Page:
“Mission Aspiration” was a dream realised for Arabi Karteepan, Head of Physics and Director of Astrogazers at Croydon High School. The mission involved a team of girls from Year 5 - 11 launching two meteorological balloons that ventured to an altitude of 32,380 metres. The balloons carried essential equipment, including cameras, data loggers, GPS trackers - designed to explore how different materials respond to atmospheric conditions.
This achievement underscores the school’s unwavering commitment to STEAM education and the remarkable journey it has taken its students on.
The project received approval from the Civil Aviation Authority and was similar to those used by organisations like the Met Office, measuring several metres across.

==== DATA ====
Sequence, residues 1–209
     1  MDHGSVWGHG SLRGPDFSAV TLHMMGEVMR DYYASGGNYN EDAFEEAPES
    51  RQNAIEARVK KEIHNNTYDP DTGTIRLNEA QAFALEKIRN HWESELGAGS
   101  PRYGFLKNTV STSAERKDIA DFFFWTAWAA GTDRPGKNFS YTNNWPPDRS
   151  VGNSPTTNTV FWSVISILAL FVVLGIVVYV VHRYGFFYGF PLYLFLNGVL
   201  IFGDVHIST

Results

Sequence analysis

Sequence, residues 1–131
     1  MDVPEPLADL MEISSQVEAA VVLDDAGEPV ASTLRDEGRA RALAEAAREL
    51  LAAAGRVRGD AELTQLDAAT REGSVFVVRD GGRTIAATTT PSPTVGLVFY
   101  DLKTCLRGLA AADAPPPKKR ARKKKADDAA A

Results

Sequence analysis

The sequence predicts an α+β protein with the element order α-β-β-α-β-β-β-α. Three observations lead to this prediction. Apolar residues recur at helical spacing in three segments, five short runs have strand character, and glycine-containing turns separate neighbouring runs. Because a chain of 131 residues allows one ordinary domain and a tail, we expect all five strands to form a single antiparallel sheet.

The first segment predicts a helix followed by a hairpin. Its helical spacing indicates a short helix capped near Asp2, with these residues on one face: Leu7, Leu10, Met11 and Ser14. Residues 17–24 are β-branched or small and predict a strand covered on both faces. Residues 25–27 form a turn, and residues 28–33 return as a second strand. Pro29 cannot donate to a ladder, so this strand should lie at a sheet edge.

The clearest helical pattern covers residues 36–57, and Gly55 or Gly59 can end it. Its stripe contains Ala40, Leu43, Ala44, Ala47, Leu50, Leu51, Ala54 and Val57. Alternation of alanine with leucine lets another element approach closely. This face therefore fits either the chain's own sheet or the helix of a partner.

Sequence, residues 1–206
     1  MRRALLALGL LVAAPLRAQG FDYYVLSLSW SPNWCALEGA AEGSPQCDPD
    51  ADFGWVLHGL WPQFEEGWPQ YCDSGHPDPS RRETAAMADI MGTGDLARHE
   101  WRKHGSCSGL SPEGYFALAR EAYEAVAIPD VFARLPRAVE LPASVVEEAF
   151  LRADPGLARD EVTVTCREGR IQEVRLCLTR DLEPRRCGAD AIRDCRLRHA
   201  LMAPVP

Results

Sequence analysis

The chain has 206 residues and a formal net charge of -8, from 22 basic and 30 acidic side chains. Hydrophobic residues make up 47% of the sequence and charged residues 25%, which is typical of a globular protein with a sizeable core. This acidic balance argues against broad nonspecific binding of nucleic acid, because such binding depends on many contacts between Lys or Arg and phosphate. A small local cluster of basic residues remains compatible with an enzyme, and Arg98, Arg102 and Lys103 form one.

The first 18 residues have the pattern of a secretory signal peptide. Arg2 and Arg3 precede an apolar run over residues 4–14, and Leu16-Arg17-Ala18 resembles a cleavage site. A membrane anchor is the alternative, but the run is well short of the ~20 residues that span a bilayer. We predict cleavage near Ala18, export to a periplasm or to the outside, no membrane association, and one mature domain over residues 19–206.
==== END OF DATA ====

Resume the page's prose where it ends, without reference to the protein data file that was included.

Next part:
The first launch took place on 30 June 2023, from the University of Bath campus, but was unsuccessful due to strong gusts of wind which led to a friction burn between the released cord and the parachute cord.
Undeterred by the launch failure of the ‘generation 1’ payload, the students of Croydon High School worked over their summer holidays to prepare for another launch with two ‘generation 2’ payloads being launched in September, each named after a pioneering female figure in Physics - Jocelyn Bell-Burnell and Helen Sharman. The payloads were named Sharman payload and Bell-Burnell payload.
On 12 September 2023 both generation 2 payloads successfully launched with the flight predictor indicating a course towards Oxford, while the GPS tracker provided real-time position updates every 3 minutes, confirming its journey towards South Oxfordshire.